In Daughter of a Lost Bird, Brooke Swaney sensitively documents an Indigenous woman reconnecting with her birth mother and coming to terms with how colonial violence has shaped her life.
Daughter of a Lost Bird is screening virtually across Canada at HotDocs until Sunday night. Get tickets.
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Daughter of a Lost Bird opens on Kendra, a young woman in her thirties, sitting on her floor as she nervously makes an important phone call. She leaves a message: “Hi April, this is Kendra Potter, your birth daughter.” Shortly after, April calls back, and mother and daughter hear each other’s voices for the first time.
Documentarian Brooke Swaney tracks Kendra’s journey over several years as Kendra reconnects with her long-lost family and her indigeneity. Swaney is careful to contextualise Kendra’s identity crisis within the traumatic history of adoption in Indigenous communities in the US. As a result of the Indian Child Welfare Act, both Kendra and her mother were adopted out of their birth families, separating them from their Indigenous communities by two generations.
Kendra goes through a huge and emotional journey in the film, from the excitement of meeting her birth mother, to the mixed feelings of meeting the Lummi community to whom she belongs, to her growing anger about how colonial violence has shaped her life. Kendra grew up with white adoptive parents whom she loves, she’s white passing, and she has a happy life in the city with her husband and young daughter. She’s torn about whether she wants to embrace her community, in case it means giving up the identity she’s so comfortable in. At the same time, we watch her come to terms with the fact that she’s a textbook example of assimilation, which causes her a lot of hurt and rage.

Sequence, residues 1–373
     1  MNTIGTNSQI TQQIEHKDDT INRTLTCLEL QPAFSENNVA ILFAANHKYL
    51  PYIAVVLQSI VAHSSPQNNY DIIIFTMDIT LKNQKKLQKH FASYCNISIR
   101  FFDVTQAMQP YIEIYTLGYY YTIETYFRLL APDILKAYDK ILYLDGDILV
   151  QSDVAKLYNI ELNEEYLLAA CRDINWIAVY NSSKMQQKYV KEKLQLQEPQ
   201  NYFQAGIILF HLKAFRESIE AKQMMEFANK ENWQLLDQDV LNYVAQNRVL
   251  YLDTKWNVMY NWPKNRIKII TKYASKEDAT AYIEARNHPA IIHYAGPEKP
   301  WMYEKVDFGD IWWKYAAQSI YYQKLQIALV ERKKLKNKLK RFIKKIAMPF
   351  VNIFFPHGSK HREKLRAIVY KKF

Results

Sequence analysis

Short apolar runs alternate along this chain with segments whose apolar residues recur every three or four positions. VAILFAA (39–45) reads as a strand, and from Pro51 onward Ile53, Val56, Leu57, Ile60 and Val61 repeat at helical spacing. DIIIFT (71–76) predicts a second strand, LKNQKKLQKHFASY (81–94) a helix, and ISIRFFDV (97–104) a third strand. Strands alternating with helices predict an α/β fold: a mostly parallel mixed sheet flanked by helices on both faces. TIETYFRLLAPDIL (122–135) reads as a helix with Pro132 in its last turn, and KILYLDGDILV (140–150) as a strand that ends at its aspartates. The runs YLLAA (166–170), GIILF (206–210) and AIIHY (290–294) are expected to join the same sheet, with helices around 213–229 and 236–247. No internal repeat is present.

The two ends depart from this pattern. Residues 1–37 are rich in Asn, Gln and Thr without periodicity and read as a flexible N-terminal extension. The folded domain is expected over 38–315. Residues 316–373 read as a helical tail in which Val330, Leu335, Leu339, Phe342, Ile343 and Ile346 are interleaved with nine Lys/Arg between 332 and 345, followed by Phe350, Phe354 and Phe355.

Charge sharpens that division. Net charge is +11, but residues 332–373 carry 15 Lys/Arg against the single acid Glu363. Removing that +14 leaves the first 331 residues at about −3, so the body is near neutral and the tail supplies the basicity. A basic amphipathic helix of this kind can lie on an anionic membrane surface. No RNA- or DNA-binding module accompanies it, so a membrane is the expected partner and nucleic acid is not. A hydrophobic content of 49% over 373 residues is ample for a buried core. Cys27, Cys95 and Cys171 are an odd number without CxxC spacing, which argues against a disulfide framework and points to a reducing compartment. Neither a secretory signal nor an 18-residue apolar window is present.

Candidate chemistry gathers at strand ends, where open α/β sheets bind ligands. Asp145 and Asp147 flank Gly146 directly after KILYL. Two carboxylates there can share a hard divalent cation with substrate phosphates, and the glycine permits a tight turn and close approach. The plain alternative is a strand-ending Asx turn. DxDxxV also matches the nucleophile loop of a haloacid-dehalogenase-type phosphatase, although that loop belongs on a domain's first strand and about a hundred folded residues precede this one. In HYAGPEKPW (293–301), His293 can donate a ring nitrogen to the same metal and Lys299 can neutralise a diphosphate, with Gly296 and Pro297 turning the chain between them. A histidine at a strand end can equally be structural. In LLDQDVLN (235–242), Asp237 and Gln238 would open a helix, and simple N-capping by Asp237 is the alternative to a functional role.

Swaney delicately and empathetically navigates these questions. Filmmaker and subject are friends — they met when Kendra, an actress, starred in one of Swaney’s short films as (coincidentally) a young Indigenous adoptee reconnecting with her heritage. Swaney gives Kendra a lot of space to tell her own story in her own words. She’s also careful to flag when her own personal biases as a filmmaker might be getting in the way of the story she’s telling. She speaks in voiceover about how she’s worried she’s pushing Kendra into reconnecting with the Lummi people because, as an Indigenous woman who grew up on a reservation, amongst her community, Swaney is excited by the idea of Kendra reentering her community. She even raises these concerns with Kendra, who insists on persevering with the film.
There’s a real sense of collaboration between Kendra and Swaney, and accountability on Swaney’s part to tell this story truthfully, which is refreshing to see in nonfiction filmmaking. She is an audible and visible presence in the film; she sometimes interrupts with voiceover, and at one point explains some of her own family background, showing family photos and video footage. Swaney knows how to step back and not impose herself on Kendra’s story, while including just enough of herself in the film that we understand the power dynamics at play.
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